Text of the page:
The Orange Russian

Yep, I had to.

The other night in his monologue, Stephen Colbert served this one up on a silver platter.

“You just take a White Russian, you toss in some Cointreau, and a pinch of cat hair — you’re all good.”

orange russian

I omitted the cat hair, dialed down the vodka a bit and subbed the Cointreau for dry Curacao. Despite its origins as a joke, this makes a pretty tasty twist on a White Russian.

Thanks Stephen Colbert. Будем здоровы!

The Orange Russian
1 1/2 oz. vodka
1/2 oz. Curacao
1 1/2 oz. Kahlua
1 1/2 oz. half and half

Add vodka, Curacao and Kahlua to a rocks glass with ice. Top with the half and half.

10 to 7

Equal parts cocktails make life so easy — but they’re not merely shortcuts. Some of the best classic cocktails are equal parts cocktails: the Negroni and its variations numbering among my favorites, and of course, the darling of the cocktail blogging scene, the Last Word.

The 10 to 7, created by Gabriele Modica, starts off with gin and Maraschino, but subs lime with lemon and Chartreuse with St Germain. It’s more floral rather than the deliciously herbal Last Word, and holds its own as a distinctive drink. It makes a great brunch drink or aperitif.


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colleen’s kiss


This is my first post in participation with the Mixology Monday challenge, a “monthly online cocktail party.” Each month, bloggers and cocktail enthusiasts create cocktails around a theme — and this month’s theme, posted by Frederic, is mashups. He mentions a few mashups with the Widow’s Kiss, including the Widow’s Word, which combines the drink with perennial cocktail snob favorite, the Last Word.

I recently tasted my first Widow’s Kiss at Cambridge’s Brick and Mortar, and loved its fall flavors. It’s made with apple brandy, Chartreuse, and Benedictine, so it’s just the right combination of sweet, herbal and apple to make an autumn drink that’s not over the top.

My other favorite cocktail of the moment, the Colleen Bawn, shares the same liqueurs — it’s got the Chartreuse and Benedictine, but switches out the apple brandy for rye, and contains a whole egg. The end result is rich, creamy, and so satisfying on a crisp evening.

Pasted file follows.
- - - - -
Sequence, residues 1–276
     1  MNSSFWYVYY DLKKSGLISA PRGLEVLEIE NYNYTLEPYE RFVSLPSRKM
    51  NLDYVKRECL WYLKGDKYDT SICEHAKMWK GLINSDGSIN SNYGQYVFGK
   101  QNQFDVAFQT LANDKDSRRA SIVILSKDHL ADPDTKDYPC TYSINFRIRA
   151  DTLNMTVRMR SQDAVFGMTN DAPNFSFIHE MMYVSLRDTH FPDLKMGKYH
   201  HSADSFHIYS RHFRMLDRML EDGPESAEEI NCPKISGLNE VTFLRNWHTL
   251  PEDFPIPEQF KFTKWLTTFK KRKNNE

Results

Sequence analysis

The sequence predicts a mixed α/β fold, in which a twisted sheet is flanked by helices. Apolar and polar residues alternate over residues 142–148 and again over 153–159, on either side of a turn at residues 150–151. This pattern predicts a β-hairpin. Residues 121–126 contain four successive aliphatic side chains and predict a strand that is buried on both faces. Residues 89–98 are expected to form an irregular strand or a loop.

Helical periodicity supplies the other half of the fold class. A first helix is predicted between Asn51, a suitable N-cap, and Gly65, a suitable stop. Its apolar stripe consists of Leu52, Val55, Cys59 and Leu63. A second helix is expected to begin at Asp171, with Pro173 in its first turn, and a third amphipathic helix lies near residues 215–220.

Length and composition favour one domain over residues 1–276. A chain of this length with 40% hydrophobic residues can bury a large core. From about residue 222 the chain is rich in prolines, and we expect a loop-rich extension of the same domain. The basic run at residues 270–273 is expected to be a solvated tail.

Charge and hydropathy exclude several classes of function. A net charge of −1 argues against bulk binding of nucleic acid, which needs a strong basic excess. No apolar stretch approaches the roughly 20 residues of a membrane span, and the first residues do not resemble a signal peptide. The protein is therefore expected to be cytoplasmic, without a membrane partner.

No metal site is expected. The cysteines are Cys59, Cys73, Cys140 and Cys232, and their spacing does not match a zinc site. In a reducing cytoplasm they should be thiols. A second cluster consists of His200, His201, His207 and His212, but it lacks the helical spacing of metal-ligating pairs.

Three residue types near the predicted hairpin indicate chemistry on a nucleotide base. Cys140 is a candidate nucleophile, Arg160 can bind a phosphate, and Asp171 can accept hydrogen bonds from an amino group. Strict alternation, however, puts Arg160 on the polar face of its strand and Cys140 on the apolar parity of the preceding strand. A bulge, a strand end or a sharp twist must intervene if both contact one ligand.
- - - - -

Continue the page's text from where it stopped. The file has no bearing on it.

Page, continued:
So, while I didn’t intend to create another mashup with the Widow’s Kiss, I found it fitting to mash it up with the Colleen Bawn.

Thus: I give you the Colleen’s Kiss. The Benedictine and Chartreuse that the two drinks share are combined with the egg and a touch of rye from the Colleen Bawn and Applejack from the Widow’s Kiss. The result is rich apple pie met with the herbal complexity of the Benedictine and Chartreuse. After making a first round with Applejack, I found it a bit too sweet and added in a touch of rye. I’d be curious to see if these proportions change if I get my hands on a bottle of Calvados to use instead.

colleen’s kiss
1 oz Laird’s Applejack
1/2 oz Bulleit rye
3/4 oz yellow chartreuse
3/4 oz Benedictine
1 egg
1 dash orange bitters
Cinnamon for garnish

Combine ingredients except cinnamon in shaker with ice. Shake vigorously for about 30 seconds, until the shaker is frosted over. Strain and remove ice. Pour ingredients back into the shaker, and dry shake about 20 more seconds. Fine strain into a cocktail glass. Garnish with cinnamon.


the alaska cocktail

When I was a server, after my dinner shifts I’d head to the sports bar next door with my coworkers for a gin martini and a Caesar salad. The martini would be shaken and served in an oversized glass, and it would have large shards like ice floes floating on top of it.

It was a pretty bad martini, but there’s something I miss about sharing a drink with my coworkers after a long shift. Working in the service industry is almost like playing a team sport — on a good night, the staff is like a well-oiled machine. You know if you’re in the weeds, someone will have your back. And on a bad night, if you make a mistake or get a bad tip, someone’s there to pat you on the back and tell you to keep your head up.

It’s been years since I hobbled up to that bar and sipped a martini in my marinara-stained oxford shirt, but whenever I have one, it transports me back to those days.

Despite my nostalgia for those terrible martinis, I’ve come a long way since then. For one thing, I know that martinis should be stirred. James Bond was wrong. Don’t take it from me, though — this episode of Gastropod includes a good discussion on when to stir and when to shake.

The Alaska cocktail is a simple martini variation — just swap out the vermouth for yellow Chartreuse, and add a few dashes of orange bitters. A simple substitution, but the transformation is significant — slightly sweet, botanical, herbal and bitter.


the alaska cocktail
1 1/2 oz gin
3/4 oz yellow chartreuse
2 dashes orange bitters
orange peel

stir with ice, strain. express the orange peel over the glass.

st. rita

It’s the first day of Spring, but here in Boston we’re supposed to get a snowstorm. In protest, I’m not leaving my house, and instead I’ll enjoy a nice floral cocktail that reminds me of warmer weather. Cue: St. Germain.

I’ve loved St. Germain, the elderflower liqueur, for a long time. It’s probably my favorite liqueur — sweet but subtle, floral and elegant. It’s great instead of vermouth in a gin martini, stirred into seltzer with a lemon twist, or even better, stirred into Champagne. Here, it’s added as a sweet, floral accompaniment to a margarita.

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